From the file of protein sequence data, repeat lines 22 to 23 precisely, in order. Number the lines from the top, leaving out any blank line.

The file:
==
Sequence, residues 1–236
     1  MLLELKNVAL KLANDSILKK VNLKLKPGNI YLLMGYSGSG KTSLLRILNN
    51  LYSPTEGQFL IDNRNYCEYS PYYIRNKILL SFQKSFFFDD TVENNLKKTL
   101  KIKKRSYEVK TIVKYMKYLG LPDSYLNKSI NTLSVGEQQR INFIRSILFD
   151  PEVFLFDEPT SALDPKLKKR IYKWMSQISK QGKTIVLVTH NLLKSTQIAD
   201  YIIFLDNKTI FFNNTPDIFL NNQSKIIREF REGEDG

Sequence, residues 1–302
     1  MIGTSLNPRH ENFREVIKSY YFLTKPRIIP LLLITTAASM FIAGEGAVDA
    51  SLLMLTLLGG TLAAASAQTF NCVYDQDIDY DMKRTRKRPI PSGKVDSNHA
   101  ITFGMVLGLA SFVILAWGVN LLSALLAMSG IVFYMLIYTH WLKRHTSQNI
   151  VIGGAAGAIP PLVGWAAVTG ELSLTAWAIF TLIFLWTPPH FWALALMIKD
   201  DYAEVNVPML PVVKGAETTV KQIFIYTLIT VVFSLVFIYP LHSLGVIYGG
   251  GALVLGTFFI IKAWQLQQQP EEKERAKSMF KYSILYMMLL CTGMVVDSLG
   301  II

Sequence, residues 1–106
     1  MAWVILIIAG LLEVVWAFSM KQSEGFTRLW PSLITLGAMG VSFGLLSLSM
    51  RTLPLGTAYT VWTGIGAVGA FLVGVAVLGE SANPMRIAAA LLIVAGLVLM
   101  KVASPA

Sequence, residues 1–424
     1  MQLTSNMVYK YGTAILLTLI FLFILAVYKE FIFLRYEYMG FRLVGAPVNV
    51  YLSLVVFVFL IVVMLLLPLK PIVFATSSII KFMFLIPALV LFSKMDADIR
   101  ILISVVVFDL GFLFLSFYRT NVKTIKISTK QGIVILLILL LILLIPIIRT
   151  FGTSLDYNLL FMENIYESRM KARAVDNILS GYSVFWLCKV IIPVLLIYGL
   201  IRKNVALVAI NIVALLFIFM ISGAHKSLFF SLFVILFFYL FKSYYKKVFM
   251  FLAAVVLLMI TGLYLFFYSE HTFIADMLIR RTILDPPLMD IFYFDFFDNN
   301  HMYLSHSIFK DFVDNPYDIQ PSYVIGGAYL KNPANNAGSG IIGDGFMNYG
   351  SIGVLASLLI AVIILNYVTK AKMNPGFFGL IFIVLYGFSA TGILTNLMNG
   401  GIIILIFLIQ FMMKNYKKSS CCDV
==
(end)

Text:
   101  ILISVVVFDL GFLFLSFYRT NVKTIKISTK QGIVILLILL LILLIPIIRT
   151  FGTSLDYNLL FMENIYESRM KARAVDNILS GYSVFWLCKV IIPVLLIYGL